Whether they're tucked into heavy boots during a dry winter or hitting the beach in a pair of flip flops, feet certainly go through a lot. It can still be easy to leave your foot care for last, focusing on moisturizing and exfoliating your more visible body parts before tucking them into some socks for the day. The sensitive skin on the bottoms of your feet can become cracked and dry, signaling that they need to be cared for on in order to renew the surface. Take the time once a week to soak your feet and buff away peeling skin.
Step into the shower and adjust the water to a warm temperature. Keep the temperature comfortable to avoid burning your skin; hot water will dry out your skin, increasing the problem of dead skin on your feet.
Stand in the shower for at least five minutes, and ensure that your feet are well soaked.
Pull on an exfoliating mitt. The mitt adds friction, helping to remove dead skin better than a scrub alone can do.
Pour a golf-ball-sized amount of a gritty exfoliating scrub onto the mitt.
Work the scrub into the bottoms of your feet, using a circular motion. Concentrate on your heels, the balls of your feet and the tips of your toes.
Rinse your feet under the water, using your hand to sweep away any remaining scrubbing beads,
Gently pat your feet dry with a clean towel.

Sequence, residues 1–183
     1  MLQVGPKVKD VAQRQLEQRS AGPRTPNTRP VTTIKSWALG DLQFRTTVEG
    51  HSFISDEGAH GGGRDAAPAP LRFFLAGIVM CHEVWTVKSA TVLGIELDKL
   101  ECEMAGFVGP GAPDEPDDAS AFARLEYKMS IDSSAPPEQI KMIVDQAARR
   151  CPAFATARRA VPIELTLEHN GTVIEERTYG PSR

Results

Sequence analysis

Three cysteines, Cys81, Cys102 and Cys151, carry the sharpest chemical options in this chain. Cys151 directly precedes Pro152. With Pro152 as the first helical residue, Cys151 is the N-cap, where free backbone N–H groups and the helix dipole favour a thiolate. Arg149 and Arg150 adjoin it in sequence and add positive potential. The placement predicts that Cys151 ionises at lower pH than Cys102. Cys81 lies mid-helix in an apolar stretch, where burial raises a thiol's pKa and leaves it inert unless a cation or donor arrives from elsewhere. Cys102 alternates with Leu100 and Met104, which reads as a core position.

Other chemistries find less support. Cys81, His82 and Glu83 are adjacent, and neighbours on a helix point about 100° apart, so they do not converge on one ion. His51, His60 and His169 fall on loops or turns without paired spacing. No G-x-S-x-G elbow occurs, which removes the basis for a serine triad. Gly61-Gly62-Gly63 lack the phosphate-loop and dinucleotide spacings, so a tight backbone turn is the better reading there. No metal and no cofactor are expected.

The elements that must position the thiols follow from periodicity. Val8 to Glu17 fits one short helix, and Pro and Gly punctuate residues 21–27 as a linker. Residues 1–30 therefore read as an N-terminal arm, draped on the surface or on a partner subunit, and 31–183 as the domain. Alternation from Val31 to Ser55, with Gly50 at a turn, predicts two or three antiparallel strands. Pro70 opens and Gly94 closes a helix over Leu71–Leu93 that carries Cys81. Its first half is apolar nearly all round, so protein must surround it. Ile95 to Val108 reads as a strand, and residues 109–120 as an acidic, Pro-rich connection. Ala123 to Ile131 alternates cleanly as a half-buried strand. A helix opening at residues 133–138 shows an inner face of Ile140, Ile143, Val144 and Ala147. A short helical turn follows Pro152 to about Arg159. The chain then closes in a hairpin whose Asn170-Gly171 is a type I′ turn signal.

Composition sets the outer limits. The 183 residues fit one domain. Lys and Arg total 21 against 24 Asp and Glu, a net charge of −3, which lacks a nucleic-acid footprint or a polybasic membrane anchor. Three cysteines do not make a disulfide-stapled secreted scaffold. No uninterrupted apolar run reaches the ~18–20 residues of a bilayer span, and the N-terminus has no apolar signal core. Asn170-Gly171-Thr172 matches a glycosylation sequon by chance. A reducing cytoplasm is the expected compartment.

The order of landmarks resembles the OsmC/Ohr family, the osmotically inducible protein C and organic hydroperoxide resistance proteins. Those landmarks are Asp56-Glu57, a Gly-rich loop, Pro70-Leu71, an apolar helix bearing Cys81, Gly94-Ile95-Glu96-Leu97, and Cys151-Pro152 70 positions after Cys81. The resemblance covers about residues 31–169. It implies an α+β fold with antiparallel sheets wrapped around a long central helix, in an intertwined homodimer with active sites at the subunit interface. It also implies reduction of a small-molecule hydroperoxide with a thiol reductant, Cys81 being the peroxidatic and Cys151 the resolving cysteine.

Position a pumice stone or foot file against the back of your heel, and buff your heels moving toward your toes and back again. This will remove any remaining dead skin.
Buff the balls of your feet gently, just below your toes, moving the file from side to side.
Buff the tips of your toes, just above your toenails using a side-to-side motion. Move the file gently as this area is thinner and more sensitive
Coat each foot in a thick foot cream. Heavy shea-butter-based creams are best for renewing moisture in rough skin.
Pull on a pair of cotton socks to lock in moisture. Wear them overnight if possible.
- MayoClinic.com advises diabetics not not use pumice stones because of the risk of injury and infection.
- Do not use a razor to peel skin off your feet. The American Podiatric Medical Association notes that razors may remove too much skin, leading to injuries and infection.
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